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rodsal23

I don't have that much time left

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Hi guys! I'm just wondering is my art polished enough to sell? 

Well, my 90 day free trial is nearing its end. I only have less than a month left and i feel like I haven't made any progress at all. I love Affinity but I've been tinkering with other software as well so I was not able to spend that much time with Affinity to master its features. But I really want to continue working with it. But I don't have the funds once my free trial expires. So I'm hoping I could come up with something that could help me earn money and buy Affinity license. I hope you guys could help me, give me some advice how i could polish my work and hopefully sell it before my free trial ends. Thanks a lot!

Annotation 2020-08-23 082625.jpg

 

handds.jpg

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You need to figure out who you are selling to and why they would want to buy what you are creating. Does it serve a purpose or is I art? I cant figure out what the graphics are above. Are they informational because if so they are the message is not clear. If it is simply an art piece I personally would not be interested.

If you are learning and wanting to become a graphic designer then google everything about graphic design. Look at famous logos and read the many texts written about why they work. Find out about typography (type design), editorial layout (magazines) , informational graphics (signage), web design, app design etc.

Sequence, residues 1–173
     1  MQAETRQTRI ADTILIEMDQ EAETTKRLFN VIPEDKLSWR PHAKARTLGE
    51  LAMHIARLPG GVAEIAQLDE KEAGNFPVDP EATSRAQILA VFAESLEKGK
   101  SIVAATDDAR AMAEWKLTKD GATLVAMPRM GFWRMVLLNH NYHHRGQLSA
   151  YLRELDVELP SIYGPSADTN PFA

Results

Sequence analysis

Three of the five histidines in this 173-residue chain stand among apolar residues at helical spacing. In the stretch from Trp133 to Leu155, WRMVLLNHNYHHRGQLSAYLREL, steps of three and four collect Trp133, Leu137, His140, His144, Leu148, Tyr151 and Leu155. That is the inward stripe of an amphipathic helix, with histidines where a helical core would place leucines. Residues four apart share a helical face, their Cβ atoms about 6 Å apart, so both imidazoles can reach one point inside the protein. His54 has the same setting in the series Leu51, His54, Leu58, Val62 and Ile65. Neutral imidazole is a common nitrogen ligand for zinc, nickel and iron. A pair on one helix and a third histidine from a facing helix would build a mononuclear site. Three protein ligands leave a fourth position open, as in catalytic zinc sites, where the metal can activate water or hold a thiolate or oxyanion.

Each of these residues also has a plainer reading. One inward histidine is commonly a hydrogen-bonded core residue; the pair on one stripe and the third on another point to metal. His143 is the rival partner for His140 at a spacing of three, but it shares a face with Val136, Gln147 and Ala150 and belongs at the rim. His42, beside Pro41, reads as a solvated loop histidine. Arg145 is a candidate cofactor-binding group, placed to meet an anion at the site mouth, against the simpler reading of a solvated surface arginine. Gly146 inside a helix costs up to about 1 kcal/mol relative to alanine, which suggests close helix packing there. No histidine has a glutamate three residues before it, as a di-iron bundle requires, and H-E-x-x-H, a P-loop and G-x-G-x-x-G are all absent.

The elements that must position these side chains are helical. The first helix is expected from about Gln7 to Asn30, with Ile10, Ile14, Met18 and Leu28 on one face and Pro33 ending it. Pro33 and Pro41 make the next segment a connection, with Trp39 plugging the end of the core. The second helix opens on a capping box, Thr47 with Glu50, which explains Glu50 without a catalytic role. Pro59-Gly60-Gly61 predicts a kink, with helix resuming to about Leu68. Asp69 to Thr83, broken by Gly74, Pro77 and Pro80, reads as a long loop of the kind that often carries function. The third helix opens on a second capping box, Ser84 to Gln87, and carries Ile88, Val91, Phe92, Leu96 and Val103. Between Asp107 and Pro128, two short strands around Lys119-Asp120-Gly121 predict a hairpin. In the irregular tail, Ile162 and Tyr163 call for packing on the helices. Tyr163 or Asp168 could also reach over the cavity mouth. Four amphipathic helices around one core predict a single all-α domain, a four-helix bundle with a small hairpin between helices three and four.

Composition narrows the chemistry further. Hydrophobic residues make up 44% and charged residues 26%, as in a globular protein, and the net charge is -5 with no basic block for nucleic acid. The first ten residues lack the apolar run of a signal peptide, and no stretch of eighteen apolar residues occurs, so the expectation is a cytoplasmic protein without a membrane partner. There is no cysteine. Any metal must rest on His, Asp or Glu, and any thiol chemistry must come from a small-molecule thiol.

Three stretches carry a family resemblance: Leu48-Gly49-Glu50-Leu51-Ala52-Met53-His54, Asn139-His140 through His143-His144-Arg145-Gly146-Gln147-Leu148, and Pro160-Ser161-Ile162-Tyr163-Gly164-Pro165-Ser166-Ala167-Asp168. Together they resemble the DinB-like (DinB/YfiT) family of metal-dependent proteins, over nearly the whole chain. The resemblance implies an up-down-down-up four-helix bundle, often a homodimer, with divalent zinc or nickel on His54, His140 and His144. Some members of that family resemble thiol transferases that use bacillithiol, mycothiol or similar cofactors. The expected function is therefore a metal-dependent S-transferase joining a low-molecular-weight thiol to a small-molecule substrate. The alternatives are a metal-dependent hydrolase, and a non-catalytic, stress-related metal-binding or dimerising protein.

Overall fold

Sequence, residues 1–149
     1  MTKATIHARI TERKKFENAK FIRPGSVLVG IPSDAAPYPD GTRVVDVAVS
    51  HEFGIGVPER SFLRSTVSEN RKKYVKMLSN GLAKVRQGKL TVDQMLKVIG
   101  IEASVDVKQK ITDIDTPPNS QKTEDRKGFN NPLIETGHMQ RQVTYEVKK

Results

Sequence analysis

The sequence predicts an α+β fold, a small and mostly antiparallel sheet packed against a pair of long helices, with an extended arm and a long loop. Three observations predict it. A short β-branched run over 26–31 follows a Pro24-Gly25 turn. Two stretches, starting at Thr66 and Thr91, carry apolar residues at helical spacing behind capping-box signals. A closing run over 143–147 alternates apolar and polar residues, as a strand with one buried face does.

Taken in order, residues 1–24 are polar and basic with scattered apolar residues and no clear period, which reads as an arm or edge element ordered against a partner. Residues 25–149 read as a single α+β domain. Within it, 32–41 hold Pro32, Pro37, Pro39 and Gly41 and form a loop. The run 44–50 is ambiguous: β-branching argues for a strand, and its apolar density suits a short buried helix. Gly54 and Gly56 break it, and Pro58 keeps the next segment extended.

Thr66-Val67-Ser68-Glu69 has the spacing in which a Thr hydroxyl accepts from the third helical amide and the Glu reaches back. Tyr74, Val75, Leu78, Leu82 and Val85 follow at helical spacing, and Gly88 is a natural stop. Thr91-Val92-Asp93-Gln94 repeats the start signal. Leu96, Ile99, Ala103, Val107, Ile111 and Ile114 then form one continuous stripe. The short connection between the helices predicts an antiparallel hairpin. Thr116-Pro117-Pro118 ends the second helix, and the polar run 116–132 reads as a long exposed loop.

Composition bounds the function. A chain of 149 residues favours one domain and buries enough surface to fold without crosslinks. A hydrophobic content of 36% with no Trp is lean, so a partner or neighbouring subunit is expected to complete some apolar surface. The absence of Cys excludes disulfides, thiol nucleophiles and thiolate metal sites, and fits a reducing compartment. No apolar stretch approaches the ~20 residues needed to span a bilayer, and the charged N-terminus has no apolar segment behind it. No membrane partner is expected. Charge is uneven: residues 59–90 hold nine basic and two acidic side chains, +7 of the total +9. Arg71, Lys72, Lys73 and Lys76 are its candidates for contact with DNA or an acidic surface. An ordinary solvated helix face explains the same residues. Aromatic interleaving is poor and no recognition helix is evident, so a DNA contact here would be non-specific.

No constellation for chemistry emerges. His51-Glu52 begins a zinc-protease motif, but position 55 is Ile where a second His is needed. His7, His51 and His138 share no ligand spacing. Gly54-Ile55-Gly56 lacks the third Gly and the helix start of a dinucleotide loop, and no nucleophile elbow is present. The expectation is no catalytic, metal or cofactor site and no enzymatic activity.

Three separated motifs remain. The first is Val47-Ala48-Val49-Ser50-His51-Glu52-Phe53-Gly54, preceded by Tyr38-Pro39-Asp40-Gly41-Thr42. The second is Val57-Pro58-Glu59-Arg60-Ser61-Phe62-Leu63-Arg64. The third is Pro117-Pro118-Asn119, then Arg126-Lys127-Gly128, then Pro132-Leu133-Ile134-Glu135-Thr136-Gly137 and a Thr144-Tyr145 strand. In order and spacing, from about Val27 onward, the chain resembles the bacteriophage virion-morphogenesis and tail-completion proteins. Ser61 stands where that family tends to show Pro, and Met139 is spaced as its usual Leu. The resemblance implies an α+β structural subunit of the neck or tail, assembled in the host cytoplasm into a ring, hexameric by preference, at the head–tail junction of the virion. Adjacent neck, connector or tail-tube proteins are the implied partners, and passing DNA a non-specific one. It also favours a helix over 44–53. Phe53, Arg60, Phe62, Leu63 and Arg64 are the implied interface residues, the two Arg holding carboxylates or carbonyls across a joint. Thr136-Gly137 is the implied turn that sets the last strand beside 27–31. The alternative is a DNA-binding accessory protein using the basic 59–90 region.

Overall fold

Affinity and Photoshop etc are just tools. They won't make you a good designer they just help you create your vision. Knowing how to use your tools will make things easier not better. Knowledge makes your work better.

If you want to master Affinity find some graphic that you like and try to recreate it. This will give you some boundaries (i.e. it needs to look like this) and will, if needs be, force you to investigate the tools a little more in depth to get things looking correctly. Its a bit more of a challenge than creating your own work and helps you learn your tools faster. Tutorial videos help too. ;)

 :)

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Is it better to be a jack of all trades or a master of one?


Due to the fact that Boris Johnson is now our Prime Minister, punctuation, spelling and grammar will never be worried about ever again.  We now have far bigger problems to be worried about.

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Why are you trying to learn every program known to man? Figure out what you want to achieve and use the appropriate tool. If its graphics and logo design use Designer. If its image manipulation use Photo. If its layout design use Publisher.

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3 hours ago, carl123 said:

Is it better to be a jack of all trades or a master of one?

"A jack of all trades is a master of none, but oftentimes better than a master of one."

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Hi, rodsal23,

What's your market like? Where I live, it used to be pretty easy to get work designing T-shirts and vinyl signage w. base level skills. But professional work usually required having a portfolio showing about 4 years of work. And, often, at least 2 years of college level graphic design. I understand there was a market at least just a few years ago for CD covers. My elder daughter and her husband use CG all the time to develop tattoo designs for their clients. The clients often change their minds, so be quick to adapt is good.

But most clients are like that. "Yes, yesterday I said that design was OK, but can you change it this way and be ready to go later in the day?"